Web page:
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Rakuko Naito & Tadaaki Kuwayama at Shoshana Wayne Gallery

October 29–December 22, 2022

Opening reception: October 29, 2–5pm

The paper structures of Rakuko Naito and Tadaaki Kuwayama are featured in the first of three creative shows that pair up artists whose work is sometimes explicitly and sometimes unintentionally connected via the intimacies of living together. The artwork of Naito and Kuwayama will be on display from October 29 through December 22, 2022, with an opening reception on that day from 2 to 5 p.m.

Smooth-surfaced paintings by Tadaaki Kuwayama have an aura that alters the environment and everyday activities. They look each other in the eyes with calm intensity. If there were motions akin to someone extending their thoughts like a hand, they might be as much things as gestures. Allow yourself to take a closer look if after thirty seconds you believe you have seen all of Kuwayama’s uniformly colored paintings. After three minutes of observation, the hue starts to change, almost like a body shifting its weight. The metal strips between the panels wink at you whenever you step to the left or right while standing immediately in front of the painting. Then, in what appeared to be sustained monochrome at first, lighter patches of color emerge; other panels appear to gradually go darker. As your eyes keep gravitating toward the hub, the cynosure, in the center of the four-panel square, is this just a trick of the mind or the light? There, the gravity is strongest. You sense its attraction and invitation. As a chimney is said to draw, the subtlety of the artwork draws you simultaneously into its color field and into yourself.

The boxed paper collages by Rakuko Naito are located in a different area of the gallery. One resembles a hive’s cross-section or a bed of ooliths. another that resembles flattened white cocktail umbrellas. one resembling a constellation of suckers for infant octopuses. One more appears to be a handcrafted Japanese go board. Yet another that sounds like the stillness of a Phillip Glass song playing in your head. adore, adore, adore However, Naito’s art is blissfully analogy-free. There isn’t any nature, story, figure, line, color, or titles. Her work enacts its own unique, persistent manner of intoxication rather than provoking similarity. a notable combination of creativity and effort. The lushly meticulous iterative work of Naito is an ode to the delight of repetition as much as to the hand and eye. Her mulberry-bark paper fragments, torn by hand and organized with care, have the beautiful rigor of the Fibonacci number sequence. Naito’s structures don’t give an inch as they push through the white frames that surround them and outward. There is no background or foreground, thus each component is equally important. Therefore, her approach entails the largest level of danger per unit of space. Every component is awake and focused.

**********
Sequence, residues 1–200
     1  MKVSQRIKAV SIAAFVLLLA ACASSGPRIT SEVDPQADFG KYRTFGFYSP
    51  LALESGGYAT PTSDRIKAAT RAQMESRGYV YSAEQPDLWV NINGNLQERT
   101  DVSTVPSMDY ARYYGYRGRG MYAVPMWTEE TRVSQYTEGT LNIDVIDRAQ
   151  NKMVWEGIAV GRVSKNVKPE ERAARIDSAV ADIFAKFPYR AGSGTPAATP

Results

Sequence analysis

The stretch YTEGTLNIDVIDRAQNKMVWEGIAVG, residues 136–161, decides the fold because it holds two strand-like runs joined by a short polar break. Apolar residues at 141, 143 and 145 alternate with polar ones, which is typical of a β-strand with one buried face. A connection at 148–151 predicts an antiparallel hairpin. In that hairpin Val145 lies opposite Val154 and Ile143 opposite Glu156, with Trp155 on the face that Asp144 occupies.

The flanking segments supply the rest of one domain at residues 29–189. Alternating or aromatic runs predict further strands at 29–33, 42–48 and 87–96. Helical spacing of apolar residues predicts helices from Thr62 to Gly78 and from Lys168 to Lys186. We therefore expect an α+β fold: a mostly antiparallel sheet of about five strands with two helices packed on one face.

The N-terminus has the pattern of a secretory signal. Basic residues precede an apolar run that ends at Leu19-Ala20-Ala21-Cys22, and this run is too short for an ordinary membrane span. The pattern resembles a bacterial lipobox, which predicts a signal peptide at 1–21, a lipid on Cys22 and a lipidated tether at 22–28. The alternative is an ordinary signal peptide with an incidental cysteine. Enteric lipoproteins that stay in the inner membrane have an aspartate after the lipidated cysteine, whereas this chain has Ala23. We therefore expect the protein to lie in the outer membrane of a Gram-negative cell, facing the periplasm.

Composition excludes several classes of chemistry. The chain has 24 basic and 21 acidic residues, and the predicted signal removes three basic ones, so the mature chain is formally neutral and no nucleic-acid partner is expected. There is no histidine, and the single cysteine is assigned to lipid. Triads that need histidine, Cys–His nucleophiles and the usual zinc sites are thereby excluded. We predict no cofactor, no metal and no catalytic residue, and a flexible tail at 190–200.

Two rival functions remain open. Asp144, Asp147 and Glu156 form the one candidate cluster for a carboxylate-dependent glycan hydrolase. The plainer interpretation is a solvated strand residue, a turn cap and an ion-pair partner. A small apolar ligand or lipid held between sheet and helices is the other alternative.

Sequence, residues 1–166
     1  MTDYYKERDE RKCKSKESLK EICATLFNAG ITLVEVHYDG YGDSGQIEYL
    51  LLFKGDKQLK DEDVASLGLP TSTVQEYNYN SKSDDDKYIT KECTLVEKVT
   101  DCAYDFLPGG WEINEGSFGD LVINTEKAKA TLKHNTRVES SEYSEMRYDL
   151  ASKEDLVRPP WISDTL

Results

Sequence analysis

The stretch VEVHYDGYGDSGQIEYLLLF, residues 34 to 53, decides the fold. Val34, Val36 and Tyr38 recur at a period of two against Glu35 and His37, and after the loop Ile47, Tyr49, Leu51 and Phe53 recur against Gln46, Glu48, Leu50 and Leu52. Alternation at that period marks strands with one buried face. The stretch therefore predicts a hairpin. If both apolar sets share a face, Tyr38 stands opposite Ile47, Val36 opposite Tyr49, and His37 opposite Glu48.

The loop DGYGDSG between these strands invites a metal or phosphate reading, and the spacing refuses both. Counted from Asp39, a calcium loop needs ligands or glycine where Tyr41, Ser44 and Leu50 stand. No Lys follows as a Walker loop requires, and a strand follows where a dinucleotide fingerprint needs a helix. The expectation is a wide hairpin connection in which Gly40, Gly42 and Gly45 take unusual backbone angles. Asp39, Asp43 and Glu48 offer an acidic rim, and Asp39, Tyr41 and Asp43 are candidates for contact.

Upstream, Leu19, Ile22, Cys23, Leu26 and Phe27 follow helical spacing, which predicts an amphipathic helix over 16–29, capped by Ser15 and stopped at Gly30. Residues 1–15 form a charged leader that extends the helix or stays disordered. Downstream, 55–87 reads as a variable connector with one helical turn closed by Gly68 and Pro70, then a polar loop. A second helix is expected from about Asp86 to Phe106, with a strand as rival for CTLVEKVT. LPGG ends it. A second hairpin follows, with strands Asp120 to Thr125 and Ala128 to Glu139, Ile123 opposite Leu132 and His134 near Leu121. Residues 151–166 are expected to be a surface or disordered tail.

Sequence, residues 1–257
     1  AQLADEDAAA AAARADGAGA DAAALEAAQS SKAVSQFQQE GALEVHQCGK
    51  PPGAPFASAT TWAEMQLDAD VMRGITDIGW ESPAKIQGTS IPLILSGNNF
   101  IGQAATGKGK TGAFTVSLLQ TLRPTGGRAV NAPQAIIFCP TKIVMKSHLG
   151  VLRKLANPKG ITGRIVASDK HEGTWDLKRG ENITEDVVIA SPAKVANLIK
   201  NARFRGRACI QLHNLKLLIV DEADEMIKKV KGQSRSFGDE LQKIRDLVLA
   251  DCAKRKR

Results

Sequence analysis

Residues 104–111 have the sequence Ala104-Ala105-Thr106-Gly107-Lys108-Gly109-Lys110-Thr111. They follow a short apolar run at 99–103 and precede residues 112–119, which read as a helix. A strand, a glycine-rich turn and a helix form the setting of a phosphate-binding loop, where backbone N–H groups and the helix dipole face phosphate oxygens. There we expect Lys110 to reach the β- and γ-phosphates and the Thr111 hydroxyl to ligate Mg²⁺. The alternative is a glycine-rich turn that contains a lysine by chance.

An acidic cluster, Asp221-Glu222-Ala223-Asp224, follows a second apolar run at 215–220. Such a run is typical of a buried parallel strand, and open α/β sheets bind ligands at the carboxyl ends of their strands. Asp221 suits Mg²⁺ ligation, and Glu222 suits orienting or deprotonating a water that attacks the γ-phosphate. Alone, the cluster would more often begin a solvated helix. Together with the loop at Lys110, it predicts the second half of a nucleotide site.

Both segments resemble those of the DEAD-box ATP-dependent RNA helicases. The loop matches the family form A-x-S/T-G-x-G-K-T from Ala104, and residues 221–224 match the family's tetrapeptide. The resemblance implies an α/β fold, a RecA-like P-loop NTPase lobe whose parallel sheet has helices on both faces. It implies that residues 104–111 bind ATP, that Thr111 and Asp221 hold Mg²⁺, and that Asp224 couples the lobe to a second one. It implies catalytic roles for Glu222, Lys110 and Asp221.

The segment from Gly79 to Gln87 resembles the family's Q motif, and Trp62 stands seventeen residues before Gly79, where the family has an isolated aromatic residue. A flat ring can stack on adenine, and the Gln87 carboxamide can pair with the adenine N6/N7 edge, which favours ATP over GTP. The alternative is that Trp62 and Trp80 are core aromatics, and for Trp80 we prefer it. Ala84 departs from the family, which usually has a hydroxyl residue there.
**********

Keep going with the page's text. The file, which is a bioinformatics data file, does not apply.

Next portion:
Read more about the artists here. Naito and Kuwayama live and work in New York City. Naito’s work is in the permanent collections of San Francisco Museum of Modern Art, San Francisco, CA; Voorlinden Museum, Wassenaar, Netherlands; Zimmerli Art Museum at Rutgers University, New Brunswick, NJ; Museo de Arte Contemporaneo, Buenos Aires, Argentina; and The Larry Aldrich Museum, Ridgefield, CT.

Kuwayama work is in the permanent collections of Guggenheim Museum, New York City, New York, USA; 21st Century Museum of Contemporary Art, Kanazawa, Japan; Museum of Contemporary Art, San Diego, California; San Francisco Museum of Modern Art, San Francisco, California; The National Museum of Art, Osaka, Japan; and Indianapolis Museum of Art, Indianapolis, Indiana.

Shoshana Wayne
5247 W. Adams Blvd
Los Angeles, CA